Talking About Babies
Hello and welcome to the Sustainable Futures Report for Friday 9th August. I'm Anthony Day.
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I had plans and endless material for this next episode but then I was asked to appear on Talk Radio and I thought I would share the broadcast with you. !t went like this. I got a text which said, “Would you be free for a chat with Dan Wootton today about the birthdate (sic) in England and Wales at an all-time low? And then a further message: “Can I take a line on why you think it's so low? Well I'm no population expert so I sought out the origins of this story, which was a report from the Office of National Statistics, and I sent back an email which said, “Yes, the birth rate in England and Wales has reached its lowest level according to a report from the ONS, but this is part of an ongoing trend. The birthrate declined over the last six years in England & Wales and in the rest of the world.
“One reason for the decline is an ageing population. Another is personal choice: women are taking advantage of education and career opportunities and having children later. Couples are also delaying starting a family until they are able to buy a house. Family income levels and the government’s withdrawal of benefits from the third child may also play a part.
“Hope this is what you wanted. I presume Dan will be asking whether I think this decline is a good thing…”
I didn't really think I'd been briefed about the interview. In fact it turned out not to be an interview at all. Here's what happened:
[Broadcast - sorry, no transcript this time.]
Well I had no idea that there was going to be a discussion. I've been on Talk Radio a number of times and it's just been me and the presenter. I clearly disagreed with Dr Gita. She appears to be an infertility expert and I would certainly support anything she can do to help childless couples. Where I disagreed with her was her suggestion that the government should take action to encourage people to have more children, and to raise the UK birthrate back up to replacement level. As I said, if we do that then we are contributing to global population growth and children born in Western nations have a much more serious impact on the world than those born elsewhere.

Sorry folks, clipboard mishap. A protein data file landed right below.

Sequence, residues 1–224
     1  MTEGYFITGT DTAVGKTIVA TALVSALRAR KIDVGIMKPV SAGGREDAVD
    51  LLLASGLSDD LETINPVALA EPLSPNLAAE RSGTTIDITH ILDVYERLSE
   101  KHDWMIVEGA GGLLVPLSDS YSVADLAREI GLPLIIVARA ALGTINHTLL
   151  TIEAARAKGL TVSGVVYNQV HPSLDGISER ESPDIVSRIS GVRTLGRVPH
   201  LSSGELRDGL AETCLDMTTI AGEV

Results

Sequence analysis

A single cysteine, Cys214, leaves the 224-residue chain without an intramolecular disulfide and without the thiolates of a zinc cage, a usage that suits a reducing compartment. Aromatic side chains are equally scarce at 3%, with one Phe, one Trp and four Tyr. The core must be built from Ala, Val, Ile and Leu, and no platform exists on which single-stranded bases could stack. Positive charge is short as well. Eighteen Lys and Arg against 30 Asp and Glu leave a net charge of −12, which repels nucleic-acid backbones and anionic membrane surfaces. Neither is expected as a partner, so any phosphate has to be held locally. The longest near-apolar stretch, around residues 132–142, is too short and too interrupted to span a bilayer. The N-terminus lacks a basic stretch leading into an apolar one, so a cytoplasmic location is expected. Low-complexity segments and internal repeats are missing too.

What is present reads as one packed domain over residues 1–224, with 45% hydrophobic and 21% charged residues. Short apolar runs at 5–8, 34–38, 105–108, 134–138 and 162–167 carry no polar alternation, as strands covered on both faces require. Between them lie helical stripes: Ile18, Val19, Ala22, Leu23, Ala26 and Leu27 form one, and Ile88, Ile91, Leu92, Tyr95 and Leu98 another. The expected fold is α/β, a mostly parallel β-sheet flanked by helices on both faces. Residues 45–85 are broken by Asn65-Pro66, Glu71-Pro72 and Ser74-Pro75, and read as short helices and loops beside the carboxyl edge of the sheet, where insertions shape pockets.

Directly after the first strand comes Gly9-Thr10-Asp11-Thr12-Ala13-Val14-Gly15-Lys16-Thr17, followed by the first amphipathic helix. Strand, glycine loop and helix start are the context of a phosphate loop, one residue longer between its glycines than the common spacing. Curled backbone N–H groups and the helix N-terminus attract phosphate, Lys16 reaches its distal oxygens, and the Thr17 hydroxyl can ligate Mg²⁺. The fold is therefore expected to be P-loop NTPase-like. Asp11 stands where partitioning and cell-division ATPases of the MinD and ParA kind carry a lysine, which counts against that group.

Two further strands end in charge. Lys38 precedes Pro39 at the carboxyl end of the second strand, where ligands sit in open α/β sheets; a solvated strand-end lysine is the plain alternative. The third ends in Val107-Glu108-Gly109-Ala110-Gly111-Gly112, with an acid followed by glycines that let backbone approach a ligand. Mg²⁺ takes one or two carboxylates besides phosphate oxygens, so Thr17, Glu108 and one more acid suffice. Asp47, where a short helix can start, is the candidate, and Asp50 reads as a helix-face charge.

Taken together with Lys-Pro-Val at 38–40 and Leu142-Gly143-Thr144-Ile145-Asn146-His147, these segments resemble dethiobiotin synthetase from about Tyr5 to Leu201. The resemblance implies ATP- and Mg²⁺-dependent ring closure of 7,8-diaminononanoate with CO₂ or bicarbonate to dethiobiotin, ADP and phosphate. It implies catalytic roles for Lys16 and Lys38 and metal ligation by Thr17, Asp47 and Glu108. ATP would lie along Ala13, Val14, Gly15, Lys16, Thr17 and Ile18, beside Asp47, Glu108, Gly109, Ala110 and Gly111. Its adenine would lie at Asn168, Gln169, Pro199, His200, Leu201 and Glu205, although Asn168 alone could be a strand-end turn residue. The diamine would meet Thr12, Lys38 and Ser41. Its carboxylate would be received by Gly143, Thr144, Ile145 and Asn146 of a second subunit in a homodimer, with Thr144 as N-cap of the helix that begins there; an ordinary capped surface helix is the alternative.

I’m very relaxed about a possible decline in the UK population. It would reduce the pressure on schools, on hospitals and doctors’ surgeries, on housing and on the whole range of public services. It might cut traffic jams a bit as well. If we have skill gaps, in some cases migration can provide a solution. We are warned that artificial intelligence is likely to take away jobs, so it clearly makes no sense to bring up children to unemployment. And it will be 20 years plus before children born this year will be able to fill those skill gaps.
I got another text from Talk Radio the next day.
“Would you be free for a chat with Katie Perrior about some people opting not to have kids because they are scared for the planet?”
Actually I had very busy weekend and I didn't see the message until after the broadcast had gone out. I was sorry I missed it because my view is that everyone has a right to a family as long as they have no more than two children. And if they already have more than two children, well, every child should be loved and cherished - and brought up to be environmentally aware.
There has been pressure from certain reports and articles which suggest that having a child causes the greatest carbon footprint of all. In fact I commented on the work of Seth Wynes last July, and the previous April. He suggested that having a child would lead to a carbon footprint of some 60 tonnes per annum.
Apparently he has a new book out, about how to live a low carbon lifestyle. It was reviewed in the i newspaper this last weekend. The reviewer says, “Having fewer children - annual saving 58.6 tonnes each. …Although it is in his PhD thesis, Wynes left this one out of his book.” Hardly surprising when his PhD thesis attracted wide criticism for mis-interpreting previous research and drawing what many saw as totally false conclusions.
No-one should be browbeaten into not having children because of their effect on the planet. There is no doubt that children will face a challenging future, as we all do already, but that’s another issue.
…a few points from the news.
In Shooting the Messenger Corner we have Australian journalist Andrew Bolt who commented on Greta Thunberg’s autism, calling her “deeply disturbed”, “freakishly influential” and “strange”. "I have never seen a girl so young and with so many mental disorders treated by so many adults as a guru," he wrote.
She responded, “I am indeed ”deeply disturbed” about the fact that these hate and conspiracy campaigns are allowed to go on and on and on just because we children communicate and act on the science. Where are the adults?”
Also in Shooting the Messenger Corner we have Jair Bolsonaro, president of Brazil. Brazil’s National Space Research Institute (INPE) has released satellite data showing a rise in Amazon deforestation, which the far-right president has called “lies”. The director of the institute has been removed from his post.
It’s clear that the forces of denial are gathering, but however loud they shout they won’t change the science. The danger is that they might change the popular perception of the science and they will probably promote the ongoing lie that scientists are not yet sure. Our role is to tell the truth.
That’s it for another week.
Thank you again for listening. In fact more and more of you are listening and the audience reached record levels in July even though there were only four Fridays and therefore only four episodes. We’ll see how this month goes - but I am going to have the Bank Holiday weekend off.
And that’s it.
I’m Anthony Day.
That was the Sustainable Futures Report.
Until next week.